I just recently saw another post for help setting up a PPTP VPN connection from PCLinuxOS.. KVpnc hasn't worked properly for this type of vpn in pclos for as long as I can remember, but flux was once helpful enough to point me to the method that the users of his german pclos remaster use.. Here is my how-to / tutorial:
( adapted from http://pptpclient.sourceforge.net/howto-mandrake-101.phtml
)NOTE: this may break other functionality that requires the use of newer pclos ppp / php-pcntl packages (ie. some dial-up connections, etc). If you are dependent on this type of connection for internet access it is probably a good idea to download the packages in step 2 before you begin.
Before we begin, first open Synaptic package manager and remove any of the following packages (and dependencies) if they are installed:
Next download and install needed packages from console:
######### must be done as root #############
<enter root password at prompt>
apt-get install libglade libxml
#### NOTE: the following block is one command.. copy and paste it in its entirety! ####
wget http://prdownloads.sourceforge.net/poptop/ppp-2.4.3-4mdk10.1.i586.rpm \
rpm --upgrade *.rpm
#### Installation done; to start the GUI.. ####
Configutation using pptpconfig
is as follows:
1. obtain from your PPTP Server administrator:
* the IP address or host name of the server,
* the authentication domain name, (e.g. WORKGROUP),
* the username you are to use,
* the password you are to use,
* whether encryption is required.
2. run pptpconfig as root, and a window should appear,
3. enter the server, domain, username and password into the Server tab,
4. if you decided in Installation step 1 above that you would need MPPE, and if your administrator says encryption is required, then on the Encryption tab, click on Require Microsoft Point-to-Point Encryption (MPPE),
5. click on Add, and the tunnel will appear in the list,
6. click on the tunnel to select it, click on Start, and a window will appear with the tunnel connection log and status,
7. if the connection fails, you will need to gather more information, so on the Miscellaneous tab, click on Enable connection debugging facilities, click Update, try Start again, then look at the Diagnosis HOWTO for whatever error is displayed.
8. if the connection succeeded, you can try the Ping test button. If the ping fails, you should try to find out why before proceeding. If the ping works, then the tunnel is active and you may now work on routing.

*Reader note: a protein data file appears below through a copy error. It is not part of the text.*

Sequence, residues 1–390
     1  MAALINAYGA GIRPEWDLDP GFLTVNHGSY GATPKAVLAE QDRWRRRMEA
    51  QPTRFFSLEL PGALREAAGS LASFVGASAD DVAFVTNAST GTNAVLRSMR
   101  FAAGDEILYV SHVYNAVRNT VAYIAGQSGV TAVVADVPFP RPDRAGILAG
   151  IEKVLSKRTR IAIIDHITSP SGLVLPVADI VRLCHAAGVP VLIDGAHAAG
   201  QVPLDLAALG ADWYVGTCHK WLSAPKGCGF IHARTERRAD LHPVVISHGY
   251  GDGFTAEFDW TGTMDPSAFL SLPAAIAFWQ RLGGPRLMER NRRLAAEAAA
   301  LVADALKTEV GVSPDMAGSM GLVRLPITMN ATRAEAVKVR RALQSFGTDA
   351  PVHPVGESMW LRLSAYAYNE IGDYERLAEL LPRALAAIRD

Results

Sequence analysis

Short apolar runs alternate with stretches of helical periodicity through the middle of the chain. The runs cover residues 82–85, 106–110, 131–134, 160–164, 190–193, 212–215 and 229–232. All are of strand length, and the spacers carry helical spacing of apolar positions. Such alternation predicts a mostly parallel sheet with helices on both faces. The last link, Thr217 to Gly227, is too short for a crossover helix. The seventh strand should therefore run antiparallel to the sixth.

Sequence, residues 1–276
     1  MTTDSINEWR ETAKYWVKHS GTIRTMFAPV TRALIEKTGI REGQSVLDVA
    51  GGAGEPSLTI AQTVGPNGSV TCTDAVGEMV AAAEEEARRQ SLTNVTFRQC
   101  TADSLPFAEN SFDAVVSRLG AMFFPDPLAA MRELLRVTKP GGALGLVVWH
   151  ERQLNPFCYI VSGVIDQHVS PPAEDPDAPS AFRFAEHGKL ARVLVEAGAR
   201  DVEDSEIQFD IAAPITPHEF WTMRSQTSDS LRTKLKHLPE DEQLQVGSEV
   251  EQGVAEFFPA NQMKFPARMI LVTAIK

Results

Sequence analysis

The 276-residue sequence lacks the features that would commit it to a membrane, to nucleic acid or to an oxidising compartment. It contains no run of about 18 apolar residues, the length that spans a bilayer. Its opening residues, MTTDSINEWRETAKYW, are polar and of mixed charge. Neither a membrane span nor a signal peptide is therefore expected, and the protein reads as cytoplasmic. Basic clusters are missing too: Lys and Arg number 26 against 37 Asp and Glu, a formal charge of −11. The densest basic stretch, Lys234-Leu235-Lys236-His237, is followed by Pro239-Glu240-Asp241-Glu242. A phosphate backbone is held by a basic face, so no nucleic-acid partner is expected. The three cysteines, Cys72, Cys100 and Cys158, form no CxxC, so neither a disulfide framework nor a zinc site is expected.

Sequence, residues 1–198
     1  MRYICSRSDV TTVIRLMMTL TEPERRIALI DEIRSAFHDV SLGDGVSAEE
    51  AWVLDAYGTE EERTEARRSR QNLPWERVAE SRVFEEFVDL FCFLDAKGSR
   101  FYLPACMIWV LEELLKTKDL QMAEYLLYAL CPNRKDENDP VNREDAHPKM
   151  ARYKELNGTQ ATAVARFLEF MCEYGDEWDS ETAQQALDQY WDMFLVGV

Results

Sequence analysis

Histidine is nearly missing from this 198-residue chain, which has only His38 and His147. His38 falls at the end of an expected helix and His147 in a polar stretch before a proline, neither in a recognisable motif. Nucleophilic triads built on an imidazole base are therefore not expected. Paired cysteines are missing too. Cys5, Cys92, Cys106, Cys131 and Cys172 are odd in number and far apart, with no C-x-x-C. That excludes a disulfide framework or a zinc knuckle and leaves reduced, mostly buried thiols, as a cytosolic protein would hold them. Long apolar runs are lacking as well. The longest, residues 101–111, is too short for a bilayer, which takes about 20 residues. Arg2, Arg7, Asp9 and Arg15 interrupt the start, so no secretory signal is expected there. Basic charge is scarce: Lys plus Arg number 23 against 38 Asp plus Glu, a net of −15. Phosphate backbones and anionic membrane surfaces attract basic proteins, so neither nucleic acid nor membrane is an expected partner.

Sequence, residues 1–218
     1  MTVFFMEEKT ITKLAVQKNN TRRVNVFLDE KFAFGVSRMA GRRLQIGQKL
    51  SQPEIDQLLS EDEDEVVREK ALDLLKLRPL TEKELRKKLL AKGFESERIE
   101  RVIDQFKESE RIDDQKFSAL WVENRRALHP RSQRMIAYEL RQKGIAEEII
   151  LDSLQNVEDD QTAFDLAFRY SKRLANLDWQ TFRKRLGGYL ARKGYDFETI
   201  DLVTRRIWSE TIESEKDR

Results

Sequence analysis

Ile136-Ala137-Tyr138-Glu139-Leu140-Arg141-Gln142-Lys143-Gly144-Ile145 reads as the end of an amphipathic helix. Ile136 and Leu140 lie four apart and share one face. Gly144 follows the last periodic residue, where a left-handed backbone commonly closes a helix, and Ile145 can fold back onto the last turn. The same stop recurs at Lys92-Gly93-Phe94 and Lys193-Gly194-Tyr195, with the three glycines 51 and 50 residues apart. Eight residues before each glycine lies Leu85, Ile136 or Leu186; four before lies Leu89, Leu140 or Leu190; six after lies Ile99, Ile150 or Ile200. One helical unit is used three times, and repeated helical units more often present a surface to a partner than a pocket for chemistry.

9. decide whether all your network traffic should go via the tunnel or not. If so, Stop the tunnel, select it again, then on the Routing tab, click on All to Tunnel, then click Update and try Start again. Now try to access the network behind the server.
10. on the other hand, if only some of your network traffic should go via the tunnel, you will need to obtain from the server administrator or folk lore a series of network routes to enter. Stop the tunnel, select it again, then click on either Client to LAN or LAN to LAN on the Routing tab, use the Edit Network Routes button to enter the routes one by one, and then try Start again. Now try to access the network behind the server.
Network routes (if needed) should be as follows:
The solution to routing only traffic directed toward the remote LAN over the VPN while keeping internet traffic directed to its usual route is quite simple: Once you have the connection configured you have to "Edit Network Routes.." on the routing tab of pptpconfig (make sure you select the connection in the top section first).
If your remote LAN has ip's that vary only in the last set of digits (ie 10.1.10.XXX or 192.168.1.XXX) then you would set "Network:" in "Edit Network Routes.." on the routing tab of pptpconfig to 10.1.10.0/24 or similar so that the first three groups of digits in the "Network:" match the remote LAN's network match.
If you had multiple subnets on your remote LAN (IP's that vary in more than one of of their digit groupings) that you wanted to be able to reach you might instead use something like the following:
If remote IP's vary: 192.168.1.XX then use 192.168.1.0/24
If remote IP's vary: 192.168.XX.XX then use 192.168.0.0/16
If remote IP's vary: 10.XX.XX.XX then use 10.0.0.0/8
If remote IP's vary: 10.1.XX.XX then use 10.1.0.0/16
If remote IP's vary: 10.1.10.XX then use 10.1.10.0/24
Once you have made the appropriate configuration in the box labeled "Network:" then click "add" and "close" in that window, and "update" in the pptpconfig window (or "add if you hadn't previously saved the connection)
Once you have it working, be careful about updating your system.. don't allow ppp
to be updated (..see tex's post about how to pin an older version in synaptic to prevent update
For the files we installed, the /etc/apt/preferences
file that you would create looks like this:
Pin: version 2.4.3-4mdk*
Pin: version 1.6.0-1*
Pin: version 4.3.10-1*
Pin: version 1.0.1-2*
Pin: version 20040722-6mdk*
To create a link to the pptpconfig GUI on your desktop, create a text file named pptpconfig.desktop
with the following contents:
Comment=Used to create VPNs using the Microsoft PPTP protocal
GenericName=PPTP VPN GUI
..then drag it to your panel if you like!